London 2012 Olympic and Paralympic
Games posters

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London 2012 Olympic and Paralympic Games Posters

Here are twelve posters that have been created by leading British artists to celebrate next year's London Olympic and Paralympic Games.

London 2012 Olympic and Paralympic Games Posters

The artworks were made by Tracey Emin, Martin Creed, Rachel Whiteread, Chris Ofili, Gary Hume, Anthea Hamilton, Howard Hodgkin, Bridget Riley, Fiona Banner, Michael Craig-Martin, Sarah Morris and Bob and Roberta Smith.

London 2012 Olympic and Paralympic Games Posters

The artists were asked to create imagery that celebrates the Olympic Games coming to London and expresses the values of the Olympics and Paralympics.

London 2012 Olympic and Paralympic Games Posters

Artists who have previously designed Olympic posters include David Hockney, Roy Lichtenstein and Andy Warhol.

London 2012 Olympic and Paralympic Games Posters

The posters will be exhibited next summer at Tate Britain as part of the London 2012 Festival, a 12-week celebration of British culture running concurrent to the Games.

London 2012 Olympic and Paralympic Games Posters

Here is some more information from the London Olympic Games Organising Committee:


Official Olympic and Paralympic Posters for London 2012 by UK’s top artists unveiled today

A collection of specially commissioned images by twelve of the UK’s leading artists to celebrate the London 2012 Olympic and Paralympic Games were unveiled today. The artists are:
Olympic Posters
•    Martin Creed
•    Anthea Hamilton
•    Howard Hodgkin
•    Chris Ofili
•    Bridget Riley
•    Rachel Whiteread
Paralympic Posters
•    Fiona Banner
•    Michael Craig-Martin
•    Tracey Emin
•    Gary Hume
•    Sarah Morris
•    Bob and Roberta Smith
London 2012 Olympic and Paralympic Games Posters

From today, members of the public will be able to buy copies of the images as both posters and limited edition prints. The images will go on show at Tate Britain in a free exhibition as part of the London 2012 Festival in the summer of 2012, full details can be found on the festival website www.london2012.com/festival. The images will also be featured as part of a high profile campaign to promote the London 2012 Games.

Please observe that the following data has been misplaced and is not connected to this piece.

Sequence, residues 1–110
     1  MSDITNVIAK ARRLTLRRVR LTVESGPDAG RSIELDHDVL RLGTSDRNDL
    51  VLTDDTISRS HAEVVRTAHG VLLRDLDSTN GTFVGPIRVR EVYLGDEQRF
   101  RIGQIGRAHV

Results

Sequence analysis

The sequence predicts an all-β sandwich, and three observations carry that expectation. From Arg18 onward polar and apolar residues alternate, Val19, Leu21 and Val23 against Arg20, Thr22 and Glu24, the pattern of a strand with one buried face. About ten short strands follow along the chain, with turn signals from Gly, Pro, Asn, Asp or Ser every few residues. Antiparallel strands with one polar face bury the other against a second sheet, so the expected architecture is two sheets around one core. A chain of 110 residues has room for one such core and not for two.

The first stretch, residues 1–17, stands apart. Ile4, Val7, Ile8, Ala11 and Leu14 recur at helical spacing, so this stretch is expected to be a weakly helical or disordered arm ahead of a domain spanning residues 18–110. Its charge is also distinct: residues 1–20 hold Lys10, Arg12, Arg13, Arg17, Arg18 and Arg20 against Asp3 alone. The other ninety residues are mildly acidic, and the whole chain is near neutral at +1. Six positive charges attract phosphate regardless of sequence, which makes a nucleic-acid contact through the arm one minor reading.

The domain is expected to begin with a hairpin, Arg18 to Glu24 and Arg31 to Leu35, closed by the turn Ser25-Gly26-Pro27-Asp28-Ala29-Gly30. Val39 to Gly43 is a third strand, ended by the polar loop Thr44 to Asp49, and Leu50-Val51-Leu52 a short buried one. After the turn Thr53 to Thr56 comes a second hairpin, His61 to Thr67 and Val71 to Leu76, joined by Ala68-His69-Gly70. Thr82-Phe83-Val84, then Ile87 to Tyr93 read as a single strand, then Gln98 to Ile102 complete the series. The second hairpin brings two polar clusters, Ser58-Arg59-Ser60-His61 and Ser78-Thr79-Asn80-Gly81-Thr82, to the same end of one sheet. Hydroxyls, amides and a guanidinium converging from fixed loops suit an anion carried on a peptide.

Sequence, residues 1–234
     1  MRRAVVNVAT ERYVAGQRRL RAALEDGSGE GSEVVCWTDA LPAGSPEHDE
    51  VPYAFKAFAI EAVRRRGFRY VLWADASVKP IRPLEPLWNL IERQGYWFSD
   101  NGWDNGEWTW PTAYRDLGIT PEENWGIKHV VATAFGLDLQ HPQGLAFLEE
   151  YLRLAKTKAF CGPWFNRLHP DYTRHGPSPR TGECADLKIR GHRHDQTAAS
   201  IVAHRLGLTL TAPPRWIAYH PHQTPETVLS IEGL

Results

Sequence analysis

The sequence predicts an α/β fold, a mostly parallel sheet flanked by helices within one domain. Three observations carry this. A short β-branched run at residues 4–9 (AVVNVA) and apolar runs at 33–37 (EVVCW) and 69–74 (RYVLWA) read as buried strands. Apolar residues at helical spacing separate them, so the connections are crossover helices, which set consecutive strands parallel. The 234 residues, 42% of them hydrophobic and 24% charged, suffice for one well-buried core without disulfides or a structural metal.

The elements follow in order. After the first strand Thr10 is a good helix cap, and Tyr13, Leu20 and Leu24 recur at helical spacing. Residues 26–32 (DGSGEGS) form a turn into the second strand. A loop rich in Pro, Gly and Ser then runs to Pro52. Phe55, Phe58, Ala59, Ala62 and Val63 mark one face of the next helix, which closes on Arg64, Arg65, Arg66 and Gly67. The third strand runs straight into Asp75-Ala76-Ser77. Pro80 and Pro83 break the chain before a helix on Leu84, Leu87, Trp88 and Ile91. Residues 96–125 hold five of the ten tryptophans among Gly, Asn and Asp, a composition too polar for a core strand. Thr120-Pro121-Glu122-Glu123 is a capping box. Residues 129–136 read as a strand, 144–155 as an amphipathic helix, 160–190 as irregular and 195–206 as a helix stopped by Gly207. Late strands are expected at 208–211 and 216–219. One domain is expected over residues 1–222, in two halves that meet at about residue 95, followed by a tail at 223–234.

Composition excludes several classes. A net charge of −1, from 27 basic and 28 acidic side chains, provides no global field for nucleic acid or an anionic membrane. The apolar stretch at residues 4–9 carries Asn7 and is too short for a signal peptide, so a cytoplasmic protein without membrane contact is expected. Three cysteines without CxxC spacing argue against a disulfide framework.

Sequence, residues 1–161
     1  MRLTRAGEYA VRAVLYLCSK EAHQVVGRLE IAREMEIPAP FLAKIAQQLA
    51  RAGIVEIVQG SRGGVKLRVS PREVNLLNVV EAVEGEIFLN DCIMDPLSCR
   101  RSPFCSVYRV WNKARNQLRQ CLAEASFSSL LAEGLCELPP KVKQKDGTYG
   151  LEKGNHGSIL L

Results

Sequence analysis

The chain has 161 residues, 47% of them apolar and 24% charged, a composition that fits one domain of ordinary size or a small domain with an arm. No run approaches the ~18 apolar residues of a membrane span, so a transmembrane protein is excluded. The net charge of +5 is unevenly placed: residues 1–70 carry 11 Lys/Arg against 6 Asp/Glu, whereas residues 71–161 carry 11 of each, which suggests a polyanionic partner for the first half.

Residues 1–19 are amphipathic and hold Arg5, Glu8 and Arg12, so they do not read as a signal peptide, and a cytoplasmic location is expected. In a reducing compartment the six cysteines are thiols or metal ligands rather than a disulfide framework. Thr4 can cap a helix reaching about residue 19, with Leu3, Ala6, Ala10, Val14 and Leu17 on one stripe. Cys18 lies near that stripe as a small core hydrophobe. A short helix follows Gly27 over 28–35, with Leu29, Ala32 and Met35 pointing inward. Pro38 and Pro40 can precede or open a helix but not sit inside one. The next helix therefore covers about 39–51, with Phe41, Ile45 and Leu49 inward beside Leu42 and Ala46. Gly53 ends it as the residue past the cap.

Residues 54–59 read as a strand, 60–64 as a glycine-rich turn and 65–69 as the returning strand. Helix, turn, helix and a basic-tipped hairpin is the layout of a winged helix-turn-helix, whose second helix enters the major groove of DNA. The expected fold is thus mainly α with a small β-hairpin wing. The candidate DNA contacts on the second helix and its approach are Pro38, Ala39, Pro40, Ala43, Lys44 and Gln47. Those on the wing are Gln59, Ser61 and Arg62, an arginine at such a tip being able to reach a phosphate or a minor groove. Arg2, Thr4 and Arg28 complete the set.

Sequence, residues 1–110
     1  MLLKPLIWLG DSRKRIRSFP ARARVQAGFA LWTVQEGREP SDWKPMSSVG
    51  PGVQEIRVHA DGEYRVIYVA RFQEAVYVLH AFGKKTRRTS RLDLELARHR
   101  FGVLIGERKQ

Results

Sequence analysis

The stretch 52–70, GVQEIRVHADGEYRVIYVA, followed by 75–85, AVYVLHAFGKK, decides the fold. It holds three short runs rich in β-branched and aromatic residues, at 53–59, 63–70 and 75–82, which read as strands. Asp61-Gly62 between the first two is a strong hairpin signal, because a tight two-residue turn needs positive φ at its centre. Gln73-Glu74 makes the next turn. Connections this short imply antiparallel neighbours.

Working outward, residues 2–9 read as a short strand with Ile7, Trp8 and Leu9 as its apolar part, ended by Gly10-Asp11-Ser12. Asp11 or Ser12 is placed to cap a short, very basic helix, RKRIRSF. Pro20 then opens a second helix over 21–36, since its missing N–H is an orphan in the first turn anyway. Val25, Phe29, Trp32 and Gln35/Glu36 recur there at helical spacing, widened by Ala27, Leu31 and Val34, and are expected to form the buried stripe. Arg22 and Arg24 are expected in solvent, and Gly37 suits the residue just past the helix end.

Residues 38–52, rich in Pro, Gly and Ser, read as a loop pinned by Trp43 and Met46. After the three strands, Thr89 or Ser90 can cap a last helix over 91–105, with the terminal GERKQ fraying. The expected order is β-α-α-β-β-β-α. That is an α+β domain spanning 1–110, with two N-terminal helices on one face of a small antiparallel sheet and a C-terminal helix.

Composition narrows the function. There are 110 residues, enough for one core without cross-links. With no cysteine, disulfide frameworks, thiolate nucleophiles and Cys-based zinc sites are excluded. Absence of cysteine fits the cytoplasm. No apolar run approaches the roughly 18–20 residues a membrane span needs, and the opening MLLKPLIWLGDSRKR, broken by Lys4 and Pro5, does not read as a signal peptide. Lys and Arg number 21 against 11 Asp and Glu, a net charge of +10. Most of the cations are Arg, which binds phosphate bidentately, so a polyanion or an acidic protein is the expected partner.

Since 1912 each Olympic host city has commissioned one or more posters to celebrate the hosting of the Games and since the first Paralympic games was held at Stoke Mandeville posters have also been commissioned for the Paralympic games.  Over the course of the last century a body of iconic work has been created and previous artists who have created a poster include David Hockney, Roy Lichtenstein and Andy Warhol.

The official posters of the Games are now themselves a special celebration of the meeting of art and sport over the last 100 years. The London Organising Committee of the Olympic and Paralympic Games (LOCOG) has sought to return to this artistic tradition, and has commissioned twelve of the UK’s leading artists to create images to celebrate London hosting the 2012 Games, six for the Olympic Games and six for the Paralympic Games.

LOCOG worked with Tate and the Plus Tate Group (a group of 19 regional galleries across the UK), who together compiled a long list of over 100 artists for consideration. This long list was then reduced to a final list of 12 by a panel comprising Nicholas Serota (Tate Director), Tamsin Dillon (Head of Art on the Underground), Judith Nesbitt (Tate - Head of National/International Initiatives), Carl Freedman (Counter Editions) Ruth Mackenzie (Director, Cultural Olympiad & London 2012 Festival) and Greg Nugent (LOCOG Director of Brand and Marketing ).

London 2012 Olympic and Paralympic Games Posters

The primary objective of the panel was artistic excellence and some of the UK’s greatest artists have been commissioned (four of the chosen artists have previously won the Turner Prize and five have represented the UK at the Venice Biennale). The brief for the artists encouraged them to celebrate the Games coming to London and to look at the values of the Olympic and Paralympic games.  Each image is a distinct interpretation of either the Olympic or Paralympic Games by the individual artists and the diversity of the series demonstrates the extraordinary creative talent that exists within the UK.  The individual images are each described below.

Nicholas Serota, Director, Tate, said: 'We are delighted that British artists have produced such compelling images in response to the Olympic and Paralympic Games'.

A set of the images has been given to the Queen for the Royal Collection and to other important British art collections, including the Government Art Collection (which will be displaying the images in 10 Downing St in 2012) and the British Council (which is planning on exhibiting the images across China in 2012 as part of 'UK Now', the largest festival of British arts ever to be shown in China, as well as displaying the posters in British Council’s across the world).

The images will also be available to buy as both posters and limited edition prints from 15.00 GMT today.  The posters (at a cost of £7) and a small number of limited edition prints will be available to order on the London 2012 online shop. The limited edition prints will also be for sale individually and as a special boxed set from Counter Editions, the publisher of the prints. Full details on the posters, limited edition prints and free exhibition at Tate Britain can be found on the London 2012 Festival website.

London 2012 Olympic and Paralympic Games Posters

OLYMPIC  POSTER IMAGES

Martin Creed - Work No. 1273